Carol Potenza
November 17, 2015 6:02 pm

This is not a new phenomenon. The literature is full of ways that fungi/endophytes protect hosts, including with drought/heat. Some will even synthesize toxins or poisons to protect plants from herbivory. Just Google it.

November 17, 2015 6:28 pm – Mycorrhiza association – I was taught this in my studies in botany with the example of how pine seeds brought to Oz failed to grow after germinating.. seedlings brought in soil however grew fine. Since then I have learned it wasn’t just the pine that depended on this symbiotic relationship, a vast majority of plants rely on fungi at some point, particularly orchids who cannot germinate without their fungal friends. It wouldn’t surprise me at all to find different strains of fungi impart different capacity for survival to plants.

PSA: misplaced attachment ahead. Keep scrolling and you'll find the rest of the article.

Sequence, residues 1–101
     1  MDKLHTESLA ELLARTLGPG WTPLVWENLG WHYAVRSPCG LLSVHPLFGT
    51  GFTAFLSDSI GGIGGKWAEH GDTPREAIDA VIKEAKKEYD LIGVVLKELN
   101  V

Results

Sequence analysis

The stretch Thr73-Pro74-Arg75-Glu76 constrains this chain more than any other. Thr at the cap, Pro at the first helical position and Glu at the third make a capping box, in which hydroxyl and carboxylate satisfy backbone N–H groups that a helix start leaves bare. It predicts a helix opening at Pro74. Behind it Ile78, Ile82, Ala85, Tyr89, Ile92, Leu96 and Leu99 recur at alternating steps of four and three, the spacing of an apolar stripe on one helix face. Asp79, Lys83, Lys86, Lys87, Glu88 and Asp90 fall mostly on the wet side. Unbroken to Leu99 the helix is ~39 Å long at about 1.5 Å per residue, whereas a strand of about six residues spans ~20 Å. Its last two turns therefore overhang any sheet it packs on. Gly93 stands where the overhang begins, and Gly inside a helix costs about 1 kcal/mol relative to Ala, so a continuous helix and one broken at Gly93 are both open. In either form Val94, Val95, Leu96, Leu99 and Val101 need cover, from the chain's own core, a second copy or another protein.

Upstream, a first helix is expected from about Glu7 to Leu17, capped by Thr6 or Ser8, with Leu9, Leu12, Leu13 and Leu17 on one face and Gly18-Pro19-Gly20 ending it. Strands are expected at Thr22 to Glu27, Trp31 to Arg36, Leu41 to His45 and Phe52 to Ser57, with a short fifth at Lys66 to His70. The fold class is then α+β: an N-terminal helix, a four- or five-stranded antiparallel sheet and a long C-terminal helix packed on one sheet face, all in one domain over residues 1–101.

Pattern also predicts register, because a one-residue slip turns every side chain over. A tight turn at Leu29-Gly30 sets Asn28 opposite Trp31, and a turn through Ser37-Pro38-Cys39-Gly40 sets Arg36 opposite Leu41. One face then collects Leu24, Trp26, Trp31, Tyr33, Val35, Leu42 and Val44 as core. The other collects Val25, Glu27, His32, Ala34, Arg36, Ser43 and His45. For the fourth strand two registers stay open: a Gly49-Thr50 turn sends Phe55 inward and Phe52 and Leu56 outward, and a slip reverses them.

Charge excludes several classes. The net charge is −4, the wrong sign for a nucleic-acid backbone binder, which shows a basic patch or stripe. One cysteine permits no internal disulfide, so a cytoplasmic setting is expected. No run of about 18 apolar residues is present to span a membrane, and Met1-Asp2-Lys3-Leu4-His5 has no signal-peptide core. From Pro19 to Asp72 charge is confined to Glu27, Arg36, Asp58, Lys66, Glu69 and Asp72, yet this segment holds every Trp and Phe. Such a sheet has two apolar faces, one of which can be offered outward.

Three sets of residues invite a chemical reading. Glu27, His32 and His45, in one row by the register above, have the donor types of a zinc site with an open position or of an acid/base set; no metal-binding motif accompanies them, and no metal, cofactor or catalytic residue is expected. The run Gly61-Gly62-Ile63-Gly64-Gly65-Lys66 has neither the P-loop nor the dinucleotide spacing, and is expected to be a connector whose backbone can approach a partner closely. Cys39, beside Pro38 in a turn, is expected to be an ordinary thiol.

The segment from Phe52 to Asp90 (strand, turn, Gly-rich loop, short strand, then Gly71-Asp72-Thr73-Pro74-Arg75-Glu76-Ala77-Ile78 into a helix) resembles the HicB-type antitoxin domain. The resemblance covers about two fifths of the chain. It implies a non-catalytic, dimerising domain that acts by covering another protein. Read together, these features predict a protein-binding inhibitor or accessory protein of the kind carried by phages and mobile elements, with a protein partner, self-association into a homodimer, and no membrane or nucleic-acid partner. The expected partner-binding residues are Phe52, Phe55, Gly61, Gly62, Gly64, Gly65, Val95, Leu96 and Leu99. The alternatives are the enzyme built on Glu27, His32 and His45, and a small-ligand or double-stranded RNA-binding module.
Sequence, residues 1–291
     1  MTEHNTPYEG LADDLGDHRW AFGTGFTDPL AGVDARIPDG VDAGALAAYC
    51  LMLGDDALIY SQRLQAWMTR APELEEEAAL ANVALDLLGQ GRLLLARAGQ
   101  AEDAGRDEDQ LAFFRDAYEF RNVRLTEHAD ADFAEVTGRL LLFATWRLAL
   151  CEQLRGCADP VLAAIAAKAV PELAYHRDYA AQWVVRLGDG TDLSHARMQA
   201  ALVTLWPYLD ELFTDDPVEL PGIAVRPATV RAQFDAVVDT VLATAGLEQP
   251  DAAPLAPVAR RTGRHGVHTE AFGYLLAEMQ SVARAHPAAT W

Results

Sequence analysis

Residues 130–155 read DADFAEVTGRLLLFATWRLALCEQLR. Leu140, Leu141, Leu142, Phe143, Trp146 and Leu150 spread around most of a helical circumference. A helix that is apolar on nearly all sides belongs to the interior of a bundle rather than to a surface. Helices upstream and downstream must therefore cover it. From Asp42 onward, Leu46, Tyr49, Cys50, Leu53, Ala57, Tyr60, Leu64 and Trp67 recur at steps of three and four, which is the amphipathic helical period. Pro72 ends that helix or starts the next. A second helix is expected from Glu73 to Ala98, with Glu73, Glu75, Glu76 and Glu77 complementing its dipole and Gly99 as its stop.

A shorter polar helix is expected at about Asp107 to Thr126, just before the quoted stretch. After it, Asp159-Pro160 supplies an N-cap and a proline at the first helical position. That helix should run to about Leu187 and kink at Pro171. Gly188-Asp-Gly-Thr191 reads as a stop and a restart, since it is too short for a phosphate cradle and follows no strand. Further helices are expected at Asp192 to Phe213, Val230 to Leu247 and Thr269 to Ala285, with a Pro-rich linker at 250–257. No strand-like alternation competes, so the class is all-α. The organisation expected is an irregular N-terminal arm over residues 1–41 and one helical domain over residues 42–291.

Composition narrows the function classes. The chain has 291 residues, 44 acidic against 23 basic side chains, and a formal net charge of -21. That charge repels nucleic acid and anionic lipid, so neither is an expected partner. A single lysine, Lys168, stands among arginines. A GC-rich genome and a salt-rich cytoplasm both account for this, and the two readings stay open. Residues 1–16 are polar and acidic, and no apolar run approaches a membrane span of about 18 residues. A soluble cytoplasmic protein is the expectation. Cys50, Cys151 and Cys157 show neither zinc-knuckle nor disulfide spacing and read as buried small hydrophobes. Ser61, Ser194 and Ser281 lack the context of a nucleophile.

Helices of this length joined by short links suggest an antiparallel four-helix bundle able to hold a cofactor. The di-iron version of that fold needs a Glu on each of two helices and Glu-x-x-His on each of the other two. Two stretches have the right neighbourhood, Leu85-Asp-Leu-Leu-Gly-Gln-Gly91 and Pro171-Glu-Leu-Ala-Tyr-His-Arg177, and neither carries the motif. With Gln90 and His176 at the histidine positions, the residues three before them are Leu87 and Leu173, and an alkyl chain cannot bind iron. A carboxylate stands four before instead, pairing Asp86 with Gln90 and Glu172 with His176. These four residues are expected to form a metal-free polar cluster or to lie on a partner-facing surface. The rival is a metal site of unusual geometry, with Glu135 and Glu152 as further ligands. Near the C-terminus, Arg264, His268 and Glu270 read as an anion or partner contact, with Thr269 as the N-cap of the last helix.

Joel O’Bryan
November 17, 2015 7:30 pm

Toxoplasma infections in humans have been reported to be associated with higher rates of schizophrenia in humans.
That’s my conjecture for alarmists. The climate boogeyman lives only in their head.

Owen in GA
Reply to  Joel O’Bryan
November 18, 2015 6:57 am

Ohh, I can see a grant here “Correlating CO2 with Schizophrenia Rates. All you have to do is manipulate the definition of the diagnosis for schizophrenia and the statistical manipulation practically writes itself.
I can see the Press Release for the paper now: “INDUSTRIALIZED MAN CAUSING THE WORLD TO GO CRAZY!!!!!” (Extra exclamation points need to convey the appropriate level of alarm.)

Alan Robertson
November 17, 2015 8:22 pm

For those interested in plant/fungal mycorrhizal symbiosis, here’s an informative interview with Dr. Roger Koide: